A Successful Few

Black Ivy League Quarterbacks

When John McCluskey '66 was named the starting quarterback for the 1964 Harvard football team, the Boston media had a good time poking fun at the University.

The Boston papers often referred to McCluskey as "the first Black quarterback in 300 years of Harvard history."

"It wasn't that long," jokes McCluskey, now a professor in the Afro-American Department at Indiana University. "You've got to remember that Harvard has only been playing football since the turn of the century, so it had actually been only 70 or 80 years."

In addition to being the first Black to play quarterback at Harvard, McCluskey also may have been the first to play the position in the Ivy League, although no such statistics are recorded.

Although it is unclear exactly when the first Black played quarterback in the Ivy League, it is apparent that few have played the position in one of the nation's most prestigious athletic conferences.


Of the eight Ivy League schools, six have had at least one Black quarterback. The sports information directors at Dartmouth and Columbia are unsure if their schools have had a Black quarterback.

Throughout the 32-year history of Ivy League football, fewer than 15 Blacks have played quarterback, an average of one every two years. Only twice since the conference was formed in 1956 have two Blacks lined up behind center in the same game.

The first time was in 1970, when Harvard's Roderic Foster '73--the second, as well as last, Black to play quarterback at Harvard--and Princeton's Rod Plummer met on the Ivy gridiron.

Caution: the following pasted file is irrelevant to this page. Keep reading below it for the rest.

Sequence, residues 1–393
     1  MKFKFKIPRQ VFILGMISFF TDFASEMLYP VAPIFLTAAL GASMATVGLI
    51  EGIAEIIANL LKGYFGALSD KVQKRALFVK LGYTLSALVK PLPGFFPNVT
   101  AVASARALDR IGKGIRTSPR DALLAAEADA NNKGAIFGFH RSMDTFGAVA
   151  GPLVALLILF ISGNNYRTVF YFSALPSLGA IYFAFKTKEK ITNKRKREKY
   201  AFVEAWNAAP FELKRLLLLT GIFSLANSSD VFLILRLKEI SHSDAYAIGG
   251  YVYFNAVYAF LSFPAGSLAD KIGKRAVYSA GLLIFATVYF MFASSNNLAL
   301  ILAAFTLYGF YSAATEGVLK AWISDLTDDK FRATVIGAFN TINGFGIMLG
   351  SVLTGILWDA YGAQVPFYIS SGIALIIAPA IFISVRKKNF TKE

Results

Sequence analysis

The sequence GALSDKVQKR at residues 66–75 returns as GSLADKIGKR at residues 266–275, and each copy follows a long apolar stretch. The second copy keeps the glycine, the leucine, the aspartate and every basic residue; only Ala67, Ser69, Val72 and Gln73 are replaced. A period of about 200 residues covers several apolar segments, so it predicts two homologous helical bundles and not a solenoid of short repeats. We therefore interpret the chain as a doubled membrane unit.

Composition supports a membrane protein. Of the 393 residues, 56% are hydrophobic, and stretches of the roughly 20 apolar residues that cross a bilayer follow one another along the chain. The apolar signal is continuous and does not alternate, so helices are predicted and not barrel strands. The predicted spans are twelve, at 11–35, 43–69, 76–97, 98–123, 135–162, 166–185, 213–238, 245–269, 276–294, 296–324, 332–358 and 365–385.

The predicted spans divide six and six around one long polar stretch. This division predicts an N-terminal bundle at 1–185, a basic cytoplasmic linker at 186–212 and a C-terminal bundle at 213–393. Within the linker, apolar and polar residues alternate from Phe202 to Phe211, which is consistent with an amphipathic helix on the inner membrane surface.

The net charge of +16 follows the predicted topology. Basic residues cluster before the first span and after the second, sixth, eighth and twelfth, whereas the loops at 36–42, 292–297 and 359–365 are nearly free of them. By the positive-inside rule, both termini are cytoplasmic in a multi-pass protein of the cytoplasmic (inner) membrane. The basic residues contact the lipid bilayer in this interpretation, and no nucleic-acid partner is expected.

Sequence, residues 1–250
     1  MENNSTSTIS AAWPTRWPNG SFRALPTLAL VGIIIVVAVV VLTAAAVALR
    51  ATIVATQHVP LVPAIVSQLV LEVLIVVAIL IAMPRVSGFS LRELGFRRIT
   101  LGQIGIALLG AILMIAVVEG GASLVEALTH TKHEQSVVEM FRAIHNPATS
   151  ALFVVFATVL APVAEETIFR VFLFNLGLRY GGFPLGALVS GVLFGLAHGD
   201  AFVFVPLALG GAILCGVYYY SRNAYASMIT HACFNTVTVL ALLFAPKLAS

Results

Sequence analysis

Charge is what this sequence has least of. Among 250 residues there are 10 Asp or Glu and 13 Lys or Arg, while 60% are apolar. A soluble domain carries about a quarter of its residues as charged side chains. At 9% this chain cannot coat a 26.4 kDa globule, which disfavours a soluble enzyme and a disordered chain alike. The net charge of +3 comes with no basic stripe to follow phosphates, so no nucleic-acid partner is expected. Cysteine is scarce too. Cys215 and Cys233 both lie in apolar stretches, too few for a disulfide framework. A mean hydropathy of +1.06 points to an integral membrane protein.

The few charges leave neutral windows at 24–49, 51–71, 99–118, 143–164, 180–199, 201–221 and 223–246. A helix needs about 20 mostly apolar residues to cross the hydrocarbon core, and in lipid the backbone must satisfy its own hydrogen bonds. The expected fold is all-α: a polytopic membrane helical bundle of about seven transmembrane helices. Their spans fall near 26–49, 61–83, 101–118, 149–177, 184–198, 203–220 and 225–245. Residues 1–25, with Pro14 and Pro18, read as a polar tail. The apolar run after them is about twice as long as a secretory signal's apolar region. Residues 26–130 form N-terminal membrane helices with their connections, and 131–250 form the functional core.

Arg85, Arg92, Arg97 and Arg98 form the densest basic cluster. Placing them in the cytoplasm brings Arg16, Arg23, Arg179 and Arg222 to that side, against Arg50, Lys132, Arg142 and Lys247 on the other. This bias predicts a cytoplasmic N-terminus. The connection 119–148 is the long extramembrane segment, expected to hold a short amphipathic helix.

The second time came last weekend when Danny Clark of Brown and Malcolm Glover of Penn met head-to-head. Ivy League leader and unbeaten Penn (4-0 overall, 3-0 Ivy) won the game, 10-0.

Although there have not been many Black quarterbacks in the Ivy League, a few of them became stars. Marty Vaughn of Penn is the school's all-time passing leader. In two seasons, Vaughn, who graduated in 1975, passed for 3429 yards and 29 touchdowns.

Kurt Schmoke, now the Mayor of Baltimore, played quarterback at Yale during the late 1960s but was eventually switched to defensive back.

The lack of Blacks playing quarterback is not an Ivy-only phenomenon. It is a rarity to see Blacks playing quarterback at any level--high school, college or professional.

In the NFL, for instance, 52 percent of the players are Black, but only five Blacks currently play quarterback--the most to ever play in the league at one time.

When present Houston Oilers quarterback Warren Moon graduated from the University of Washington in 1978, professional teams were interested in drafting him--but only as a defensive back. Moon instructed NFL teams not to draft him, instead opting for the Canadian Football League. Moon played quarterback and led the Edmonton Eskimos to five consecutive championships.

While Moon enjoyed great success in the CFL and later in the NFL, it was Doug Williams' MVP performance in the Super Bowl last January that shattered many of the myths surrounding Blacks.